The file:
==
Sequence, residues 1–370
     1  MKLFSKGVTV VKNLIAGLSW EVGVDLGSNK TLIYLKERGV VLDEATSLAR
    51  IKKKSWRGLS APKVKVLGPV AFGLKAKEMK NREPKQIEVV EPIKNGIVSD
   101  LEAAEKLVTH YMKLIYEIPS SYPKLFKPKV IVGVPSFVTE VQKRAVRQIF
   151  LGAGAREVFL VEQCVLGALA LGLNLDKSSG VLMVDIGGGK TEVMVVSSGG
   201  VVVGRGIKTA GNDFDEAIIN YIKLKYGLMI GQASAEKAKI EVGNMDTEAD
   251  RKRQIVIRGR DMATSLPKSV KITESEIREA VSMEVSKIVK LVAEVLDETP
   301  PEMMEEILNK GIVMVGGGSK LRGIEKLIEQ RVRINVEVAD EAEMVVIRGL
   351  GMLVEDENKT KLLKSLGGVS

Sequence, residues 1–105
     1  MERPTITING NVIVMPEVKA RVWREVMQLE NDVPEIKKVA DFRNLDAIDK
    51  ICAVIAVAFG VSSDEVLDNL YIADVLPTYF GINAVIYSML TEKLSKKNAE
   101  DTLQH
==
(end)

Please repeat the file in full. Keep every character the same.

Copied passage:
Sequence, residues 1–370
     1  MKLFSKGVTV VKNLIAGLSW EVGVDLGSNK TLIYLKERGV VLDEATSLAR
    51  IKKKSWRGLS APKVKVLGPV AFGLKAKEMK NREPKQIEVV EPIKNGIVSD
   101  LEAAEKLVTH YMKLIYEIPS SYPKLFKPKV IVGVPSFVTE VQKRAVRQIF
   151  LGAGAREVFL VEQCVLGALA LGLNLDKSSG VLMVDIGGGK TEVMVVSSGG
   201  VVVGRGIKTA GNDFDEAIIN YIKLKYGLMI GQASAEKAKI EVGNMDTEAD
   251  RKRQIVIRGR DMATSLPKSV KITESEIREA VSMEVSKIVK LVAEVLDETP
   301  PEMMEEILNK GIVMVGGGSK LRGIEKLIEQ RVRINVEVAD EAEMVVIRGL
   351  GMLVEDENKT KLLKSLGGVS

Sequence, residues 1–105
     1  MERPTITING NVIVMPEVKA RVWREVMQLE NDVPEIKKVA DFRNLDAIDK
    51  ICAVIAVAFG VSSDEVLDNL YIADVLPTYF GINAVIYSML TEKLSKKNAE
   101  DTLQH